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Review of "Breakthrough Greek"
WHY I WANTED TO LEARN GREEK
I’d wanted for years to visit Greece. The history and literature of the country have been a passion of mine since I came across the Greek myths as a child. I longed to see Athens, and a few other famous places, but most of my pleasure in visiting another country lies in getting right off the tourist beats and meeting people, seeing how they really live.
Ironically, I can offer tips galore to anyone else trying to do so, including using flashcards, learning two or three symbols a day, transposing the Greek into your own system of phonetics, diving in head first, plenty of other methods. Oh, I could teach it. But no way on earth could I learn it. I tried to follow the BBC’s Greek Language and People course on TV, and bought the book. The course is so unspeakably bad that I was almost put off for life. I bought Teach Yourself Greek, a very sound if dull book, but no solution to the alphabet problem. I had the Talk Now! CD, and was doing well with vocabulary and pronunciation. But I still couldn’t really get anywhere because of the alphabet.A BREAKTHROUGH
Two years ago I picked up Breakthrough Greek in my local bookshop, and all my problems were solved. This course uses a simple system of reproducing the Greek words in our alphabet, so that you can read them as easily as if they are the English they resemble; and with the help of the cassettes you can do very well.worth it.
The book is a paperback, well set out, with black and white photographs and sketches. (More recent editions of the courses in this series have colour illustrations). It’s nothing like the wonderful presentation of Italianissimo, but it’s quite good enough for the price. The layout is spacious, and the lessons could not be improved upon.
THE APPROACH WHICH SUITED ME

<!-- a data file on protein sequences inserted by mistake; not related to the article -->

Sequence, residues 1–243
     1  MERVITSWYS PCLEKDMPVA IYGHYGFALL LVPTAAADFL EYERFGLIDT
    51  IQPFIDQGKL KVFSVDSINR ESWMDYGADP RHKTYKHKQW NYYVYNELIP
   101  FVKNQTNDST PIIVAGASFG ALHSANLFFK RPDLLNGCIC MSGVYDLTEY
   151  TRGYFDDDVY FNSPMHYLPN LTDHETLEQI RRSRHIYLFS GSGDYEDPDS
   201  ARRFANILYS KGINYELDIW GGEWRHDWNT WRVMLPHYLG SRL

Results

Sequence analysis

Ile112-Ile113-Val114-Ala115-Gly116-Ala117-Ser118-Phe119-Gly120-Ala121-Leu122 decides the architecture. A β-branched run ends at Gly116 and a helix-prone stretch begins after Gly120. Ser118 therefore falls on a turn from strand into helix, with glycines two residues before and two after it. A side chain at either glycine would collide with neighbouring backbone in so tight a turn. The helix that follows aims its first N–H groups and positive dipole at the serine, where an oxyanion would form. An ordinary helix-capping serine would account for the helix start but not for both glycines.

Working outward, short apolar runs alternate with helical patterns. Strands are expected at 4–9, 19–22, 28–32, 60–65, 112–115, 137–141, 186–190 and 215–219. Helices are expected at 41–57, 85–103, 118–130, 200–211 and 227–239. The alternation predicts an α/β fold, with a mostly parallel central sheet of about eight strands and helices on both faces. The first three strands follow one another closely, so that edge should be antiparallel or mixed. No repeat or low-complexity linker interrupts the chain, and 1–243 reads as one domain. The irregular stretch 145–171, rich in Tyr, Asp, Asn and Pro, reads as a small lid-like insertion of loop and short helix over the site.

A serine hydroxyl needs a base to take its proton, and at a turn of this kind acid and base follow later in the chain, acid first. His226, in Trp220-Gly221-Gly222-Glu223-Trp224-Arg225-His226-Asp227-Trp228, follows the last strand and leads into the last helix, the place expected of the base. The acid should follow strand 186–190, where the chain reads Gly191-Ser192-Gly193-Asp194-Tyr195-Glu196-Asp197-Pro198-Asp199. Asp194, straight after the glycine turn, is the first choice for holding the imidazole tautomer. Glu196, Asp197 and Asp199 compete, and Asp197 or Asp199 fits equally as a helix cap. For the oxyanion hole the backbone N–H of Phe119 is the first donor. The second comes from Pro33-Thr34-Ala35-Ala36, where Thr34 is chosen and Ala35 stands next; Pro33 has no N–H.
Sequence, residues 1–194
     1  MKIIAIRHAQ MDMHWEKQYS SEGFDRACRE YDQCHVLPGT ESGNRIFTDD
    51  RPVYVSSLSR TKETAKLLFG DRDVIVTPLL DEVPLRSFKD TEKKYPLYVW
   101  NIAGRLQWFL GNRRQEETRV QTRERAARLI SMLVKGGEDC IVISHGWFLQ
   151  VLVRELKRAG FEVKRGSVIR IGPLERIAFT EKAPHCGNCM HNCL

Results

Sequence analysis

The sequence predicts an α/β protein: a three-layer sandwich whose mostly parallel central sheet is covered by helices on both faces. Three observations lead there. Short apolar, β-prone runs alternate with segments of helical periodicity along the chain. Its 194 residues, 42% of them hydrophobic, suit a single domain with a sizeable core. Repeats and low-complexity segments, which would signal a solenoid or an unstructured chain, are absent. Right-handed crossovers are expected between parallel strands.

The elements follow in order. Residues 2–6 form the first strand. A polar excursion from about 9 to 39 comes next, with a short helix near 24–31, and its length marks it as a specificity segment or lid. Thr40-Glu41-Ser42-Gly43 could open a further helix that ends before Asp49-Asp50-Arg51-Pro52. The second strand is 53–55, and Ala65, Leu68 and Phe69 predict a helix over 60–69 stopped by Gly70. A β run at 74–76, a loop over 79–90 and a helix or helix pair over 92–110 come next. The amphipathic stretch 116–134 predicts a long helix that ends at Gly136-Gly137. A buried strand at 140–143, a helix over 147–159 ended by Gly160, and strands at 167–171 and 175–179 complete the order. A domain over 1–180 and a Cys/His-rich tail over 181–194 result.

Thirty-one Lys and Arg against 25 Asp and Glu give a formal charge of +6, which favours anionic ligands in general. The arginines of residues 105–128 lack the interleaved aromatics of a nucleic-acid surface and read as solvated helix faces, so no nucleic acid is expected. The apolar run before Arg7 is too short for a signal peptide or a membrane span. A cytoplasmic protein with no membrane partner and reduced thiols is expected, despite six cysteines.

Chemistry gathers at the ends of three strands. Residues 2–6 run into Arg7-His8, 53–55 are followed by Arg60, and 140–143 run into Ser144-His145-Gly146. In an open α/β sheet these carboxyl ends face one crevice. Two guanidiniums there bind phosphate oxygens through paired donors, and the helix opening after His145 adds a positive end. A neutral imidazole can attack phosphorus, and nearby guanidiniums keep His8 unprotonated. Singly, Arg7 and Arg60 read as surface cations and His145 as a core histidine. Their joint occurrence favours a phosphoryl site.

I had five months in which to learn, and I approached Greek in a way novel for me. As a rule I am a great believer in learning languages in a formal way, with a thorough study of grammar. I think this is essential for any serious student of languages, including our own. A knowledge of English grammar is a must for all professional writers. After all, if you know how a language works you can use it more efficiently and subtly, and know exactly what you are doing. I’m often amused and pleased that the grammar in a salacious article in The Sun is just as sound as a staid piece in The Times.
I saw at once that the formal approach would not get me as far ahead as I needed to be, for the grammar is not easy with all the cases of some of the parts of speech to learn, and three genders of nouns. I decided to go for the ‘direct method’, learning as many useful phrases as possible, and hoping to be able to adapt them. This worked well, and the layout of the lessons helps.
We can have a look at the first lesson, and you’ll see that at once you have some very useful material.
On the left page are three mini-dialogues, which consist of simple greetings, and asking how someone is. On the right are notes, which you could miss out if you wished. I didn’t. It’s all easy.
When you can say these phrases, you go on to the next page. Two more mini-dialogues, saying ‘excuse me’, saying where you’re from.
The next set says you’re from the UK, there on holiday, and allows you to ask and give names.
That’s all you have to learn in chapter one, but already you have the basis for a simple introductory conversation with a Greek.
All the dialogues are on the tapes, and are spoken by Greeks. There’s also a guide, who gives you tips in English. Both his English and his Greek are so good that it’s impossible to tell his nationality.
Using the tape, you listen and you tick boxes for more multiple choices. It’s all made lively by amusing little sketches to help you. The exercises are kept short, and little writing is necessary.
There’s a section on grammar, which you could skip. The exercises there are more formal, but I enjoyed them, and found that without at first realising it I was learning a lot of the grammar. In this chapter, it was the key verbs ‘I am’ and ‘I do’. (There is no infinitive form in Greek).
The Greek alphabet is taught letter by letter. In this chapter it’s K and A which I did manage to learn because they are the same in English !